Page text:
148. Of course you do.  (Sir Andrew Large) And you go beyond sympathy depending on what they had been told when they purchased it. If they understood what they were doing and they knew they were taking risks that could give rise to that loss, then you might sympathise, but say, "But you were aware of what the risks were".

  149. Do you know of many examples where people are told to invest this money, the products are safe, they can put the baby to bed at night and sleep until the next morning, they make this investment and then they get £80 in return? Is that happening a lot?  (Sir Andrew Large) I would absolutely hope not. I think that is a pretty extreme case.

  150. But in replying to an individual like that, you would be saying that this is unacceptable?  (Sir Andrew Large) I would certainly be saying it is unacceptable if the individual who had made the purchase had no means of realising that that is what could happen, yes.

  151. So you will be dealing with these things as a non-executive director of the Financial Services Agency?  (Sir Andrew Large) I certainly will indeed.

  152. So an MP with individuals who feel they did not get a good deal because that situation at the moment exists maybe more than you think with consumers and indeed I was meeting with a very senior person from the organisation with which you were involved before and he said to me, "The consumers don't get a good deal", so that is the reason I asked that question.  (Sir Andrew Large) I understand and, Chairman, I am very aware of the fact that not all is as it should be in that field and there are people who have been sold and probably still are sold products that they do not fully understand the risks of and it leads to those sorts of things happening and clearly that is not acceptable.

  153. The same newspaper report said that some of your colleagues in the City were criticising you for your low profile and apparent lack of in-depth economic expertise. How do you answer that?

  (Sir Andrew Large) Well, as to the low profile, I am not quite sure what they meant. It did not feel like a very low profile when I was at the SIB. Since I have been at Barclays, when you are a non-executive deputy chairman in an organisation, I do not think you expect to have a very high profile. As to the economic situation, I think we have discussed it. I am not a professional economist and I have not been an academic theoretician in economics. I am more somebody who has observed markets' behaviour and the impact of economic realities on the business, indeed on the regulation world.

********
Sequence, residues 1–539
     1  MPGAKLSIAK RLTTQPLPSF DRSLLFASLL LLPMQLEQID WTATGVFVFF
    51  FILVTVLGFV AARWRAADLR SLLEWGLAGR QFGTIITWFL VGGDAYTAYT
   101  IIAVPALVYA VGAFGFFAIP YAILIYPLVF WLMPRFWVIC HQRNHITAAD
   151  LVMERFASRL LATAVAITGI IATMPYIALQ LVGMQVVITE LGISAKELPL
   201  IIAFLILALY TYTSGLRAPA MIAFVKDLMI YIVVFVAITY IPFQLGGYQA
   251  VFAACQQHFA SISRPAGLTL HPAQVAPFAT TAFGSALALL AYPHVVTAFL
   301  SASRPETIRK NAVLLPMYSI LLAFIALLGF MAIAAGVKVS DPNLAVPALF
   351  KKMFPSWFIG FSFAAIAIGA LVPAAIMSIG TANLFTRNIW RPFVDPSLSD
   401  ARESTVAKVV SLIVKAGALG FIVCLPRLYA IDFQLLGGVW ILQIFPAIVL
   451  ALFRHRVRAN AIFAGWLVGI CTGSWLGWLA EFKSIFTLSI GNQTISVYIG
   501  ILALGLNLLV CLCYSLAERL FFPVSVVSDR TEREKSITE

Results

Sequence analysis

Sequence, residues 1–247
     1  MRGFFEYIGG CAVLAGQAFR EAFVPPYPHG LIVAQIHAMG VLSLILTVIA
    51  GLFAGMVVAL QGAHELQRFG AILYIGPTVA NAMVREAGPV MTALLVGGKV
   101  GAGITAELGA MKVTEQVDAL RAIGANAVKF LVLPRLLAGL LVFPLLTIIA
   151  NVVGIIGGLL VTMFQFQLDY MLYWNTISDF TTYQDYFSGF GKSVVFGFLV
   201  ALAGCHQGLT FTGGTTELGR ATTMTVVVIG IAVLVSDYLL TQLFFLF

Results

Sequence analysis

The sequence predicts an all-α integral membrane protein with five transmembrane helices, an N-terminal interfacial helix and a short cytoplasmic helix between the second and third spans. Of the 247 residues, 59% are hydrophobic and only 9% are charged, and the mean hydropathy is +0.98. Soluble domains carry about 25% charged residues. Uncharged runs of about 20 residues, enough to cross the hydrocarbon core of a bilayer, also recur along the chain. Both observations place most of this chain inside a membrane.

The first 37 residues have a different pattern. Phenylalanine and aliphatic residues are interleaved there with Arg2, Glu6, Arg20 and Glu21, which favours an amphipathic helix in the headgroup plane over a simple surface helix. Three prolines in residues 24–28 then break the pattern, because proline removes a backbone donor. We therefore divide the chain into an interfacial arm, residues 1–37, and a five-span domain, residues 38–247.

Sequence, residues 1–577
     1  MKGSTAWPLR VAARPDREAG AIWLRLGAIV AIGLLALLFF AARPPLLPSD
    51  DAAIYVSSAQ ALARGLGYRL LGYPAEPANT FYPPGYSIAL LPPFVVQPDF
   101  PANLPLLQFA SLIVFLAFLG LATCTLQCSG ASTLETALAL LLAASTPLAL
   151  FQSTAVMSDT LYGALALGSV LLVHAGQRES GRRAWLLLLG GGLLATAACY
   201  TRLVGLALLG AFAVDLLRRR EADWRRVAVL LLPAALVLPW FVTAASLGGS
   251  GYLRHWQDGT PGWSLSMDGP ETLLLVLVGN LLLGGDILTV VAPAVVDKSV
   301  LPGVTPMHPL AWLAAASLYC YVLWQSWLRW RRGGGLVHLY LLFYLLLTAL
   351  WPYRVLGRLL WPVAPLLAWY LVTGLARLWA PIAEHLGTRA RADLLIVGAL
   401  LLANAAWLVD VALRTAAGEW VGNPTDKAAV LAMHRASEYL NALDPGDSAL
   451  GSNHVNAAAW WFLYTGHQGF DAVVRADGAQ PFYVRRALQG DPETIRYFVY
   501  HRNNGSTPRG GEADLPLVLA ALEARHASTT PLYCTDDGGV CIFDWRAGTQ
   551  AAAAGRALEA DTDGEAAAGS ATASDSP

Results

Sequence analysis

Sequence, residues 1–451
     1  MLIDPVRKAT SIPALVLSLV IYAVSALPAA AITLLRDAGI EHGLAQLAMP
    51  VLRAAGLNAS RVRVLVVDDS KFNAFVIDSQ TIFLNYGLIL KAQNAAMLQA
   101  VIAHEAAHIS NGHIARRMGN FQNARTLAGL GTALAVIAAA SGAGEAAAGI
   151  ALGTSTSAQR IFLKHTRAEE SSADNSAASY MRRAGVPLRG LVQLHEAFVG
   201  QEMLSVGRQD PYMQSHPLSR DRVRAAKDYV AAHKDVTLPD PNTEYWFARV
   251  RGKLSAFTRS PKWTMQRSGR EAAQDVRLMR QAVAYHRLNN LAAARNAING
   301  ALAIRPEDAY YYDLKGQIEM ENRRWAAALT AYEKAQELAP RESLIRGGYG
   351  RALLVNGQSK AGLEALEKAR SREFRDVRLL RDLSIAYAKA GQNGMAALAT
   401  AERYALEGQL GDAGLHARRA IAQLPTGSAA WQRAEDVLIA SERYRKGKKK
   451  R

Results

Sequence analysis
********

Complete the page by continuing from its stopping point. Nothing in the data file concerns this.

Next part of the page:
154. Mr Laws was asking you about the euro and the European Central Bank and others. It is perceived that the Governor is concerned about the one-size-fits-all interest rates if we go into Europe. What is your view on that?  (Sir Andrew Large) Well, I guess what might be in his mind is a little bit similar to a problem which I know concerns people also within this country which is that you have a one-size interest rate environment in a country where regionally there are differing performances, et cetera. I suppose, therefore, that probably what is on his mind there is that if you then go into an even bigger arena where there are also other differences, it makes it more complex than it does if you have just got one country

  155. That is in your mind as well?  (Sir Andrew Large) Well, it certainly is a factor that one needs to consider, absolutely.

  156. Will it weigh heavily with you?  (Sir Andrew Large) It will weigh with all the various other factors. I do not know whether it will weigh more heavily or not.

Mr Fallon

  157. The whole point about the monetary policy framework will be redundant if we do decide to join the euro and the Government has set out quite reasonably a whole series of tests, but what is the important test for you?  (Sir Andrew Large) Are you referring to the five tests?

  158. Yes, what is the important test for you? Do you have another one or which of the five is the important one for you?  (Sir Andrew Large) The five have not been set by me. The five tests are obviously, I think everybody would agree, all relevant. I dare say you could come up with others, but—

  Mr Fallon: But what is yours? What is the important one for you before we dispense with the arrangement to which you have just joined?


  159. As an interested observer, what—  (Sir Andrew Large) I am not being obtuse. I am just trying to understand what you are wanting me to say or what you are getting at.